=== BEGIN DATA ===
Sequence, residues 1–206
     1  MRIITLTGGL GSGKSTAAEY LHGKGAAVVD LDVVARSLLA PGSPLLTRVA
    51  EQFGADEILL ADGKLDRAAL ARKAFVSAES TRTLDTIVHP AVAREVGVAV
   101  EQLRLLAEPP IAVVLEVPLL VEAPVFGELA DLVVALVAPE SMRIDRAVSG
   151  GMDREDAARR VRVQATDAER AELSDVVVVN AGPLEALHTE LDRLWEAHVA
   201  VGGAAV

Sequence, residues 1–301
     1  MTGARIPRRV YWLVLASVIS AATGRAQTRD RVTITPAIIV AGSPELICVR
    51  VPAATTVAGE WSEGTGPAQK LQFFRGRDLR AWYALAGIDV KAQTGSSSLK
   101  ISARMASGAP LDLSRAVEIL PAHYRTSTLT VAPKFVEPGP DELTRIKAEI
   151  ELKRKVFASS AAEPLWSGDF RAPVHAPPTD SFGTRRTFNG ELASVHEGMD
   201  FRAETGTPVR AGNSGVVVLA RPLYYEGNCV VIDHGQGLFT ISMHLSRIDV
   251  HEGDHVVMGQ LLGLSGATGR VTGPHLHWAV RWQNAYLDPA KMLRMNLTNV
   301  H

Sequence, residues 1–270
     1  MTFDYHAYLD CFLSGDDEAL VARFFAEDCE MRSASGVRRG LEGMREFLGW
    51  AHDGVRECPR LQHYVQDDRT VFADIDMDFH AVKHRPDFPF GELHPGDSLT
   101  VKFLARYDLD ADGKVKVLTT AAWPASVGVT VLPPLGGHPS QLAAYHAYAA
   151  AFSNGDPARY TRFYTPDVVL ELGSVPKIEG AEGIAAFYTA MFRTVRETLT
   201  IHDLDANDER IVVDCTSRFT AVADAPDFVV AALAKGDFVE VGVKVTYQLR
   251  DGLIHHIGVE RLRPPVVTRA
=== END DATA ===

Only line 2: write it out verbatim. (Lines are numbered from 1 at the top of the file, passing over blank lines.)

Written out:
     1  MRIITLTGGL GSGKSTAAEY LHGKGAAVVD LDVVARSLLA PGSPLLTRVA